RESPONDENT: Clark Vincent
LOCATION: Haag Hall at University of Missouri – Kansas City
DOCKET NO.: 80-689
DECIDED BY: Burger Court (1981-1986)
LOWER COURT: United States Court of Appeals for the Eighth Circuit
CITATION: 454 US 263 (1981)
ARGUED: Oct 06, 1981
DECIDED: Dec 08, 1981
GRANTED: Feb 23, 1981
James M. Smart, Jr. - on behalf of Respondent
Ted D. Ayres - on behalf of Petitioners
Facts of the case
Cornerstone was an officially recognized student organization on the campus of the University of Missouri - Kansas City. The avowed purpose of Cornerstone was to promote a knowledge and awareness of Jesus Christ on the campus. From 1973 to 1977, Cornerstone obtained permission to use university facilities for its weekly meetings and events.
In January 1977, the group sought permission from the university to use two rooms of its Haag Hall Annex for two and a half hours every week. University officials asked for a description of the activities that would be conducted at the proposed meetings. Cornerstone told the university that worship in the form of prayer and biblical teaching would be an important part of the general atmosphere of the meetings. University officials rejected Cornerstone’s application for regular use of the rooms, concluding the meetings would violate several sections of the Collected Rules and Regulations of the University of Missouri. These regulations prohibited the use of university buildings and grounds for religious worship or religious teaching.
On December 11, 1979, the trial court granted summary judgment to Gary Widmar, the Dean of Students at the university, and the university’s Board of Curators, rejecting a motion for summary judgment filed by Cornerstone’s members. It concluded that the university’s ban on religious services in its buildings was required by the First Amendment’s establishment clause. It also held that the university did not violate the students’ free exercise rights, and that any violation was outweighed by Missouri’s compelling interest in the separation of church and state. The United States Court of Appeals for the Eighth Circuit reversed. It held that the university’s regulation had the primary effect of inhibiting religion, in violation of the First Amendment’s Establishment Clause. Instead, the Eighth Circuit suggested that a neutral policy toward religious groups would satisfy the university’s First Amendment obligations.
Did the refusal of the University of Missouri to accommodate voluntary student religious meetings violate Cornerstone members’ rights of equal access to a public forum protected by the Fourteenth Amendment?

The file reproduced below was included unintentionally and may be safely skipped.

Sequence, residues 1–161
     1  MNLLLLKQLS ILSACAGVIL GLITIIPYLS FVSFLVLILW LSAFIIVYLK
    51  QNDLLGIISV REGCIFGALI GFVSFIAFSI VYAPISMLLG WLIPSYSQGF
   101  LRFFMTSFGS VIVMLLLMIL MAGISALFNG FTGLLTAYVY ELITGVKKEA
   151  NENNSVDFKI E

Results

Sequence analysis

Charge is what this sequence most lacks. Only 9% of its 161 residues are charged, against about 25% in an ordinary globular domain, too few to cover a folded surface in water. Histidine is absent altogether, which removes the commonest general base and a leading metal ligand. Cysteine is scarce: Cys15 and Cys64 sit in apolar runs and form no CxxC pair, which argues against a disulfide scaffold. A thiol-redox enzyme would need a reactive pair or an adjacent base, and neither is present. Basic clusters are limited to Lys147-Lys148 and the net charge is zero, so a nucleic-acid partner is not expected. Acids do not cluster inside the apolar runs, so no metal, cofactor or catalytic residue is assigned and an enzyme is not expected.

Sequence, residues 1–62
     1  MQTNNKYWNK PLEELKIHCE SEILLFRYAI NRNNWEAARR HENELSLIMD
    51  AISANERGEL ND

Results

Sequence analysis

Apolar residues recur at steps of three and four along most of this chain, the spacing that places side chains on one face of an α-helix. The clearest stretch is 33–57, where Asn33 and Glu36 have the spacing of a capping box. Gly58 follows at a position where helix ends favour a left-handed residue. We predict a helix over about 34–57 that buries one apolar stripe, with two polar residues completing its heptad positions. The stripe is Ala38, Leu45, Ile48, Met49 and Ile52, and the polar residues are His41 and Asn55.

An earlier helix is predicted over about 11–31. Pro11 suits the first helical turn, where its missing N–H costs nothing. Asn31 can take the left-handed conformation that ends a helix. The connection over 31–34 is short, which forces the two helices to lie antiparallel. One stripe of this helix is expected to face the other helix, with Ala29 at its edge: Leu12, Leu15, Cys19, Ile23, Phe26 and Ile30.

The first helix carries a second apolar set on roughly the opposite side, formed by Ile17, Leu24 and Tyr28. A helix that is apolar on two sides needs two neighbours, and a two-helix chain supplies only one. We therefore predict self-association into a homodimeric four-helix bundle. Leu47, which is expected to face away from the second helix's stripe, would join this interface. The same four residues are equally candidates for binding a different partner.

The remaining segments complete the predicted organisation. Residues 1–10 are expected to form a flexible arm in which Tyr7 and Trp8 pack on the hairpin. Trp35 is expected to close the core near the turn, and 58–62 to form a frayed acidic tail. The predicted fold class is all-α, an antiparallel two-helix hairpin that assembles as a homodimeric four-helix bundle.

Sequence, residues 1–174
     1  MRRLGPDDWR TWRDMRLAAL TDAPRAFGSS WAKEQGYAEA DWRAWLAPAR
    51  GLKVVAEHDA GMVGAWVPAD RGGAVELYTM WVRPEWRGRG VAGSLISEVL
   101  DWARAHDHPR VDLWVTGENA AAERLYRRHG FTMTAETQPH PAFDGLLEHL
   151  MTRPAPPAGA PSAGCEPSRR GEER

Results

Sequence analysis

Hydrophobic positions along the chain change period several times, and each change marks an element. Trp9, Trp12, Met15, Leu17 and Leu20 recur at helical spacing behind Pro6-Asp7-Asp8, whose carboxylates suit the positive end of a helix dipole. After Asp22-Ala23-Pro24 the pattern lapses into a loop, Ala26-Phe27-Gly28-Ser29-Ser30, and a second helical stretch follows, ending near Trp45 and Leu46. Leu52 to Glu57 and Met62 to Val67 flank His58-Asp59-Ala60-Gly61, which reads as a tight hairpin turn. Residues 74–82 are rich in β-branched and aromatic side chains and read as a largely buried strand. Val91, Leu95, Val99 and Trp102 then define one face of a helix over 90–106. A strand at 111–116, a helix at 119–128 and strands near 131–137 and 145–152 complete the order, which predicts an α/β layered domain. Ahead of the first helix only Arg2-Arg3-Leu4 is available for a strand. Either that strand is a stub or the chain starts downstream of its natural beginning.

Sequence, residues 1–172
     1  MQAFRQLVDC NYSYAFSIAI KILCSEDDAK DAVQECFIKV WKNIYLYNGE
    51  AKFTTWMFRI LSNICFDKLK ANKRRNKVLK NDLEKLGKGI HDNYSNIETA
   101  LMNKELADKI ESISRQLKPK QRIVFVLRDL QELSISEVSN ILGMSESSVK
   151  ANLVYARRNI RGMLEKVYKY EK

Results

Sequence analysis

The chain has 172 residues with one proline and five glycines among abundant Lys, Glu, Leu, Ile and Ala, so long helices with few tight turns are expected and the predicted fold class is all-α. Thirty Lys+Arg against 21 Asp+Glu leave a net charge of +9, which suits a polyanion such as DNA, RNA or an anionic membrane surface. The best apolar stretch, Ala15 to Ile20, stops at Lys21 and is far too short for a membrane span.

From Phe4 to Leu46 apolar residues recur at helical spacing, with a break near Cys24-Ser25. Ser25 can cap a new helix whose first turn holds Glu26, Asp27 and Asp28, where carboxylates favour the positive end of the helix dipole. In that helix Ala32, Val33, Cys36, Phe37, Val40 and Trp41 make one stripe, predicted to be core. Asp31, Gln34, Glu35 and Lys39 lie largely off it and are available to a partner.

Did the refusal of the University of Missouri to accommodate Cornerstone’s religious meetings unconstitutionally abridge freedoms of speech, association, and exercise of religion?
Media for Widmar v. VincentAudio Transcription for Oral Argument - October 06, 1981 in Widmar v. Vincent
Audio Transcription for Opinion Announcement - December 08, 1981 in Widmar v. Vincent
Warren E. Burger:
The judgment and opinion of the Court in the case of Widmar against Vincent will be announced by Justice Powell.
Lewis F. Powell, Jr.:
This case is here from the Court of Appeals for the Eighth Circuit.
It involves the validity of a regulation at the University of Missouri at Kansas City.
The University provides facilities for all student groups that wish to meet on its campus.
More than a hundred such groups, including a religious group, called Cornerstone, were officially recognized by the University.
The Cornerstone group was informed that it could no longer meet in University buildings.
The exclusion was based on a regulation that prohibited the use of its buildings or grounds for purposes of religious worship or religious teaching.
This suit was instituted by members of the Cornerstone group.
They allege a violation of their rights to free exercise of religion and freedom of speech under the First and Fourteenth Amendments to the Constitution.
The University defended on the ground that use of its facilities for religious worship or discussion would offend the Establishment Clause of the Constitution as well as the Missouri Constitution.
The District Court dismissed the suit agreeing with the University's position.
The Court of Appeals reversed.
In our opinion today, we agree with the Court of Appeals.
We hold that religious worship and discussion are forms of speech and association protected by the First Amendment.
A state university's regulation of speech must be content neutral absolutely showing of a compelling state interest that justifies discrimination.
And the University policy of neutrality as to the content of speech does not sponsor religion any more than the speech of other student groups.
A University's mission is education.
Our decision today is entirely consistent with the authority of a University to impose reasonable regulations compatible with that mission upon the use of its campus and facilities.
In this case however, the University created a public forum from which only religious groups were excluded.
The decision of the Court of Appeals is affirmed.
Justice Stevens has filed a separate opinion concurring in the judgment.
Justice White has filed a dissenting opinion.
Warren E. Burger:
Thank you, Justice Powell.